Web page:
Yeah, I was doing work for Central back in the days. Young, back in the days. Working with him now, I’m proud of what he’s done. He really made something of it, because I remember what it was before. He’s come a long way, I’m proud of him. He’s got a good business head on him, so that’s great. Skepta I was always a big fan of, so that was a surreal moment for me. He said, “Yo, let’s do it.” He wanted to make it happen and we made it happen.

    He reached out to you?

    Yeah, he reached out to me. I wouldn’t have even attempted to reach out to Skepta. It’s one of those moments where, why would Skepta ever want to come on my platform? It don’t make no sense to me.

    Because you have one of the biggest platforms in the UK!

    Yeah, factually. But Skepta is one of the biggest artists in the UK. My thing was, I believed in a lot of up-and-comers. I haven’t really got A-list celebrities on there, so Skepta helped bridge it. Much respect to Skepta.

    Did you always think Central Cee would be a superstar? 

    I knew it was talented. But back then, he used to sing a lot. He didn’t really rap, but he was always crazy talented.

    The “Bad Habits” remix with Ed Sheeran is still doing crazy numbers. Bring us back to that moment. 

    Yeah, that was a mad moment. I was in some van, coming back from a show or something. I’m never on FaceTime, I hate FaceTime calls. I got this FaceTime call, didn’t recognize the number. I swiped, I don’t know who this is. Swiped it, Ed Sheeran casually on my phone. He’s like, “How you doing man?” I’m like, the fuck!

    How did Ed Sheeran get your number?

    Rest in peace Jamal Edwards, they were very close friends. Jamal really helped position that song and put me in play for it. He FaceTime me like “I’d love to get your help putting together a drill remix. What kind of artists do you think would fit on it?” I said right now, I can see Central and Tion doing crazy things. He said to me: “Central and Tion?” I said yeah, he’s mad cool. “Let’s make it happen.” I said bet. We went to the studio, we made it happen. Shot a music video, put it out. Streaming went #1… grateful.

    Talk about your alcohol brand, F28. What’s the meaning? Caribbean rum, it’s a vibe!

    Caribbean rum is definitely a good vibe. For me, the number 28 stands for new beginning. If you Google, it’s a symbol of change. It’s basically a reset/restart. For sure. When I think about rum, a lot of other brands have had a cultural change. Vodkas, tequilas, champagnes, everyone’s come with a new version of it that’s now popular in the market. You got Rick Ross’ alcohol, Diddy and Ciroc, even though they’re no longer in partnership. But I haven’t heard anyone doing rum, that’s disturbing the rum market. So I wait for a gap in the market, then I try and attack it. Hopefully, this will be rum.

    You have a partnership with Hoodrich Clothing as well?

    Yeah, I had a brand sponsorship with them. We started out almost the same timing. They sponsored me, then they saw the potential with Plugged In and they sponsored Plugged In. That’s when all the artists started wearing their clothing. They’d come to my studio and I’d say put this on, put this on, put this on. They’d say “cool, sick. We can take it home and put it on?” I said yeah, take it home. Whatever. Before I knew it, I’d see people walking around in Hoodrich.

    Hold on, this is really something that we sat down and envisioned. They had to envision it, to invest in me to do that for them. It’s a surreal feeling. When I sat down, this is crazy. I played a part in small or major, one of the biggest clothing brands in the UK right now. They do crazy numbers. They’re doing good stuff. They’re trying to branch out here and do their thing. I always support Hoodrich, we started at the same time. It’s like a sparring partner. We both trying to punch our way up. I’m always looking at them like anytime they’re ready to get back in the ring and go another round, I’m here.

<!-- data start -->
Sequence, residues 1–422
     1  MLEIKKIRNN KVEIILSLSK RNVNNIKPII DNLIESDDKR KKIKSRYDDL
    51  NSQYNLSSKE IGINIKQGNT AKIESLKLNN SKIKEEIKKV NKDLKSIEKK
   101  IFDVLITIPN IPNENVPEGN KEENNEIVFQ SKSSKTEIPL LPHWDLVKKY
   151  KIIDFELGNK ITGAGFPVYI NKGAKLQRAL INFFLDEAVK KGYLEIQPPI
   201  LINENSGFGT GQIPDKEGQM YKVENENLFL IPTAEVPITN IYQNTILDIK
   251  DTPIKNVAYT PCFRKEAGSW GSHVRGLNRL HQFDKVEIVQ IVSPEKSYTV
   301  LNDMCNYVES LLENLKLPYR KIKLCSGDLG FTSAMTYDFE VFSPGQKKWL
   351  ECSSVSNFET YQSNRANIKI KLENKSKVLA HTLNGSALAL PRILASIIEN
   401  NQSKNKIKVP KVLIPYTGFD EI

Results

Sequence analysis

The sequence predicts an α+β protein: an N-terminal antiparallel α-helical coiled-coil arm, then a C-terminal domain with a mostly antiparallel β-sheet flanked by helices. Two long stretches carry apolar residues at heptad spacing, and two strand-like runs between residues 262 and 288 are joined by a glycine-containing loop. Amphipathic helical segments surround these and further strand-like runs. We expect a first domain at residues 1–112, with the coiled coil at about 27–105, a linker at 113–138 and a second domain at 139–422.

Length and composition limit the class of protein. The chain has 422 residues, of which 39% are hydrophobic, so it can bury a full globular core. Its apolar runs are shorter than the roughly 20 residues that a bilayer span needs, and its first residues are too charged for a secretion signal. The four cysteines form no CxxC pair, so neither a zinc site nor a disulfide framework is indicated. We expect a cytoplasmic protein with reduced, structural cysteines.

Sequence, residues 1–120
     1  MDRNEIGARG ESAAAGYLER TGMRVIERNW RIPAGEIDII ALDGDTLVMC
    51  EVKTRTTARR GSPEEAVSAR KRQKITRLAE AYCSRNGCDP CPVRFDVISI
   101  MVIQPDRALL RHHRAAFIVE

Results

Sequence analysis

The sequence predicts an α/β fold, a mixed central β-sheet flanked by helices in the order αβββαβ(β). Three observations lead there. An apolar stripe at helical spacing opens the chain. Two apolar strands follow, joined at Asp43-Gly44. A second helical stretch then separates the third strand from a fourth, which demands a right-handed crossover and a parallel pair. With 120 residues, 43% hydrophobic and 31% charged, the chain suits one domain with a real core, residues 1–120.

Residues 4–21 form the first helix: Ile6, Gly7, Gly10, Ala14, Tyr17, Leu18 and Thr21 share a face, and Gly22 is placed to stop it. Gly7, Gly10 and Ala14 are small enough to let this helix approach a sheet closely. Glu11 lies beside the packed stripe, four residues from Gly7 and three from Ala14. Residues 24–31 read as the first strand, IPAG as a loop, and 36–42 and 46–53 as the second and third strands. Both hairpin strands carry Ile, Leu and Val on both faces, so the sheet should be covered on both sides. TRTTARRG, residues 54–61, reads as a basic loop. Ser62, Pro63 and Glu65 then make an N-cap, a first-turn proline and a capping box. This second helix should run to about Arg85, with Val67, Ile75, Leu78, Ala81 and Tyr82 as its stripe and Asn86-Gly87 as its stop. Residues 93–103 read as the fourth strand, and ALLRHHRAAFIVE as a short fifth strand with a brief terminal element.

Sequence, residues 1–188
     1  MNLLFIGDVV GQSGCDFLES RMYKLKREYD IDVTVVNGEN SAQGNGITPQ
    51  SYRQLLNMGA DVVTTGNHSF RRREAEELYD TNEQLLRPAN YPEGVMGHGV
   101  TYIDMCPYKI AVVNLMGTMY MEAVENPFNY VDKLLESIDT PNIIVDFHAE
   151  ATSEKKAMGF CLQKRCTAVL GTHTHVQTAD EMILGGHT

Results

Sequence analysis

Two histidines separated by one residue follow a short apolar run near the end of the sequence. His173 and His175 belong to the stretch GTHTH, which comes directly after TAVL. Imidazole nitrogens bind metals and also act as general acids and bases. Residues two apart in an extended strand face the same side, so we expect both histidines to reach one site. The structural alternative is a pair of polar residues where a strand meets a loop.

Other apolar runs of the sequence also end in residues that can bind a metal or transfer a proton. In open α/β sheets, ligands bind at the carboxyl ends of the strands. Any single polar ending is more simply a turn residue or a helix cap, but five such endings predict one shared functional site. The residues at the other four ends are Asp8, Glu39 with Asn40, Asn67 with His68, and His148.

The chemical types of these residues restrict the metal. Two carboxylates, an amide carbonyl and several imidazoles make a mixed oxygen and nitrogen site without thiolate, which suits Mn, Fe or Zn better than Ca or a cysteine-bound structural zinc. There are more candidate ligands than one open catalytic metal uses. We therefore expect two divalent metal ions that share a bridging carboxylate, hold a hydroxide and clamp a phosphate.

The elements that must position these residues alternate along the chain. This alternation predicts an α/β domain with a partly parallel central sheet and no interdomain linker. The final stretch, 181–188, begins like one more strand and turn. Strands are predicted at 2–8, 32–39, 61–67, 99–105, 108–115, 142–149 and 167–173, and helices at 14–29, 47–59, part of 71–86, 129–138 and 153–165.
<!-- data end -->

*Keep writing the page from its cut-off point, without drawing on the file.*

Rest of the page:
What advice do you have for someone who wants to follow in your footsteps?

    It’s not what it looks, is the first thing. It’s definitely not what it looks like. There’s a lot of work in the business side people don’t see. What you see is probably 10 to 15% of what has to be done. If you’re willing to put in the work to that other 85 to 90%, then this could be a place where you could thrive. But literally, the glitz and glamour is only 10 to 15%. And the glitz and glamour comes in a whole load of other stuff that you have to overcome, to allow that to shine through.

    If you’re persistent and there’s something you’re determined to do, you’re willing to put in the right work and time — you know what it is, you got to be strong.

    You got to be able to take a few knocks. Because in this, you’ll have a lot of people giving bare, false, empty premises. Tell you: “I got you!” They don’t got you. You’ll find out, but they don’t got you. You have to be able to look at it and say “it’s cool man, I got me.” If you ain’t got you and you can’t tell yourself “I got me,” no matter what, you have to see yourself at the end of the finish line. Yeah, I made that happen.

    As soon as you start to doubt yourself, as soon as you let other people doubt you — because in my line of work, no one was really doing what I was doing. I haven’t really heard an engineer with an audio tag that’s bigger than mine. I’m not even trying to gloat. When I started it, who’s really doing it? I heard all the Americans are doing it, but I didn’t hear it on no songs. Most people that are doing it, respectfully, they’re partnered. If you think about 40 and Drake, Ali and Jay Z. They’re partnered with a super influencer, mogul, artist, business person. I’m just out here working with every and anyone, just building a brand. So for me, I’ve done it a bit different. I didn’t go the normal route, and it has its own rewards. That’s what I’d say to anyone trying to get into it: it’s not a short process.

    Do you have any goals for yourself?

    I want to establish Plugged In as the biggest freestyle platform to ever hit the industry. I also want to establish F28 as the game-changer for rum. I genuinely believe we have a rum that actually tastes good. I’m not a big alcohol fan. A lot of alcohols don’t taste good. You drink them for the effects, but they don’t taste good. You don’t drink it like mmm. You drink it like yeah, I could deal with this. If I take a dew of these, I won’t even remember the taste. We’ve got a few flavors here where put some ice in there, I could chill and take this. I don’t even need to be trying to turn up or nothing. I want to put out there and shock the world basically.

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    Ed Sheeran FaceTimed…

    by lunafix Time to read this article: 35 min